Gael García Bernal’s Lawsuit Against Johnnie Walker Explains What Happens When Brands Use Your Image Without Permission

Despite being busy working on a number of existing projects — including an upcoming role as a Marvel superhero — Bernal has won a high-profile lawsuit against one of the world’s most popular whiskey brands.

In a lawsuit that claimed the company used the actor’s image without his permission, Bernal was seeking financial damages, and just last week, Mexico’s Supreme Court of Justice of the Nation agreed.

Gael García Bernal wins lawsuit against Johnnie Walker and will be compensated for unauthorized campaign.

Mexico’s Supreme Court of Justice of the Nation has ruled in favor of actor Gael García Bernal in a lawsuit he filed alleging that the whiskey brand Johnnie Walker used his image without his consent. It was back in 2013 when Bernal originally filed the case after seeing his image appear in 22 television commercials, without any collaboration or payment from the popular whiskey brand.

In the ruling, the court ordered Johnnie Walker’s Mexican subsidiary Diageo México to pay García 40% of the revenue it made during the company’s ‘Caminando con Gigantes’ campaign — which ran back in 2011 but was a popular worldwide campaign.

Although Mexico’s tax court will make the final call on how much the Mexican actor is entitled to from the lawsuit, it remains unclear just how much the actor may receive. But many on social media — and within the entertainment industry — hailed the decision as one that protects the image of celebrities and everyday people alike.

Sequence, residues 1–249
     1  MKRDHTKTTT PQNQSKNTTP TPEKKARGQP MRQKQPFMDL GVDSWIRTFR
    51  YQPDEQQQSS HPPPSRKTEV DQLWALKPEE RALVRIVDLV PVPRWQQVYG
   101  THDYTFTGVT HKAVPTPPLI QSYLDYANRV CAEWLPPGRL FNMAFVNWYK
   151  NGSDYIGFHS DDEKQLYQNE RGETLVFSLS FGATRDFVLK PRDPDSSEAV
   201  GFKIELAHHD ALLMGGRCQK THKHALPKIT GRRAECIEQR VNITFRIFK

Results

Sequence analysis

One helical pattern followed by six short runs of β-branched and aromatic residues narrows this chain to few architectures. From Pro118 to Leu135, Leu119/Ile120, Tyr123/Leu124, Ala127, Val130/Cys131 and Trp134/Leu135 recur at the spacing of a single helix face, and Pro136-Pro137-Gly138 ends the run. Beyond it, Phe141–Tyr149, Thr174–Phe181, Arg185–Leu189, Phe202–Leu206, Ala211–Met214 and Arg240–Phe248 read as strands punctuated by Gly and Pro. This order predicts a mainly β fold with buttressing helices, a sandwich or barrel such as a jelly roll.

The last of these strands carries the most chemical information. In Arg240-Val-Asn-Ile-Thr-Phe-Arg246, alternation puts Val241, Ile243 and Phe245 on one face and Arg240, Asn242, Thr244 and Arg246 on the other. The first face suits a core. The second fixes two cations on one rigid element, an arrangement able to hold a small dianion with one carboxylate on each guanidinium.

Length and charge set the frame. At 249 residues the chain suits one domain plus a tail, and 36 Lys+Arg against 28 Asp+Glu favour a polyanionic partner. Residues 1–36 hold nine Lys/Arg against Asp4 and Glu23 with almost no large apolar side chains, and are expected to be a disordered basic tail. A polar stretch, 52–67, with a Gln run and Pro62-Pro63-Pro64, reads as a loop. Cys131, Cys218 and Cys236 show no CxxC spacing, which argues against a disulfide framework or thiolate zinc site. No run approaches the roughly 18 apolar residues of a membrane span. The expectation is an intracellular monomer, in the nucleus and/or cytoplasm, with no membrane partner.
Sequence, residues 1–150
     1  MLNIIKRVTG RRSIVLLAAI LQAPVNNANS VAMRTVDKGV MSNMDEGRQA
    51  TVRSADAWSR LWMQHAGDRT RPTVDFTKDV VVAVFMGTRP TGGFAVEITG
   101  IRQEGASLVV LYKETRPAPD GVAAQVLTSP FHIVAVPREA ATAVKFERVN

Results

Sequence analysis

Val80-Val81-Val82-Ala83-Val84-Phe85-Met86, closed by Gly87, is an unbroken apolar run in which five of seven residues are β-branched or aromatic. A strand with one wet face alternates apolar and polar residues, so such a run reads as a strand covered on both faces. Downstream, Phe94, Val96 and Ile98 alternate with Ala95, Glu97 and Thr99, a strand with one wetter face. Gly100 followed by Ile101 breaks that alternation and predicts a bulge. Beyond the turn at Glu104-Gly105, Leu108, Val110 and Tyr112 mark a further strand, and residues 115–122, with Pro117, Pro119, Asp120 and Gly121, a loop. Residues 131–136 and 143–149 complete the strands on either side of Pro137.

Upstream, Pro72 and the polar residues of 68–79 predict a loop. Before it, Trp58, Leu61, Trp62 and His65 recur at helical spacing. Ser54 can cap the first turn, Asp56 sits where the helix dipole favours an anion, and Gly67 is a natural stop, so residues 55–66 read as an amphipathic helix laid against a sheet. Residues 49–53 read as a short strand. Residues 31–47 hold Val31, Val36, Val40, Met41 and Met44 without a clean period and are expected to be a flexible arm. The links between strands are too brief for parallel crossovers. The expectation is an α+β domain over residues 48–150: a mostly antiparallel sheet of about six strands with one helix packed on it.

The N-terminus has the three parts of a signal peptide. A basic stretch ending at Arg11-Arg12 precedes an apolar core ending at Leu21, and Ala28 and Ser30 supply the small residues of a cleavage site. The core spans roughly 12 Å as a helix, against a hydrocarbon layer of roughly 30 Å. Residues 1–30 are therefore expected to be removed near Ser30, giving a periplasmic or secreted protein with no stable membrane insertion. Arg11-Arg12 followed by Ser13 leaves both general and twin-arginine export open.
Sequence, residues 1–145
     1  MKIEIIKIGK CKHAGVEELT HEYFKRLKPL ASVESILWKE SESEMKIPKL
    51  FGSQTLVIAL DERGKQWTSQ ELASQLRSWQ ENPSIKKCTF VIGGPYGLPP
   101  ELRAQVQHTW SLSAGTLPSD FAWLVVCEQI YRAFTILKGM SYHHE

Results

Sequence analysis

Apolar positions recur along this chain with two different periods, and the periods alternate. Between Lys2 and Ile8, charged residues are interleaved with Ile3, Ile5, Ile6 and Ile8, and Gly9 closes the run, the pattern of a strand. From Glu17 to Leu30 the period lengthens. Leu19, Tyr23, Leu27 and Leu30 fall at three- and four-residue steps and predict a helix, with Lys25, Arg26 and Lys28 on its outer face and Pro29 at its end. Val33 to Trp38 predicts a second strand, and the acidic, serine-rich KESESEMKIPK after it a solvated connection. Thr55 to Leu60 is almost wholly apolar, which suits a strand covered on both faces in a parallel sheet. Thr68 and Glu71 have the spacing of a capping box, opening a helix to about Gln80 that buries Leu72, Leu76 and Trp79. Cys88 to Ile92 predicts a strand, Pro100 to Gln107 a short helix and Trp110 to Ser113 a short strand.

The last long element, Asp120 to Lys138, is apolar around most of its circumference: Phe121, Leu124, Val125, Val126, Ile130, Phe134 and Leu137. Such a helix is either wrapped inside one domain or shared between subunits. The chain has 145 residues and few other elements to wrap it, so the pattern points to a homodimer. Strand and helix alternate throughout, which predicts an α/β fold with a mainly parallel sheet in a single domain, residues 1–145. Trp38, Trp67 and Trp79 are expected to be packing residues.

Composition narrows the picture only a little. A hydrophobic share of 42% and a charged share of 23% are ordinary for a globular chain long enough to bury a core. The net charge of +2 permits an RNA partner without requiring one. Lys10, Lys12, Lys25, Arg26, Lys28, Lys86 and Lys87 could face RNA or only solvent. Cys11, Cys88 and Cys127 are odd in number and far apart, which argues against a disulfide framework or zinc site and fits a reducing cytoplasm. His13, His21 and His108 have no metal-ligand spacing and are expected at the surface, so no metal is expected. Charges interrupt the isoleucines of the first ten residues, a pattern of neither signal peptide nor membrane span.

The campaign was run by a subsidiary of the Johnnie Walker label within Mexico.

Although it’s a common phrase that ‘justice takes time,’ few people could have expected a lawsuit on unauthorized use of García’s image would take up to ten years to deliver results. However, this battle sets an important precedent for companies to understand that artists, and people, deserve respect regarding the use of their personal image. 

The Caminando con Gigantes campaign was a major ad that ran in several markets around the world. Mexico’s version, launched by Diaego México, featured García in various roles including as the protagonist from Disney’s “Coco” and “Mozart in the Jungle.”

This ruling helps solidify the idea that under Mexico’s federal copyright law, the use of a person’s image in an advertising campaign without his or her permission is illegal.

The actor has been silent about the case on social media but he’s been busy.

García has never been shy about his activism and compassion. Even the roles he’s taken on as an actor often make a social or political statement. That’s why it was so great to see him as a guest speaker at this year’s COP26 conference, addressing climate change in Mexico.

In fact, the actor worked on a six episode web series dedicated to addressing the climate crisis in Mexico. The series is called “El Tema” and is available through La Corriente del Golfo’s YouTube channel. The episodes narrate the histories and experiences of environmental activists, human rights defenders, indigenous communities and organizations such as Greenpeace Mexico, Oceana MX and Wikipolítica Chihuahua among others.

The iconic Mexican actor has also been busy with promoting his latest film, “Old,” a project by M Night Shyamalan. In the film, García plays a husband and father to two young children. But when they, and some other hotel guests, journey to a secluded cove, strange things start to happen. If they try to leave, they black out. And then comes the real twist: they are now ageing so rapidly, that every half hour that passes is the equivalent of a year. You know you’ll catch me in the theatre checking out this movie!

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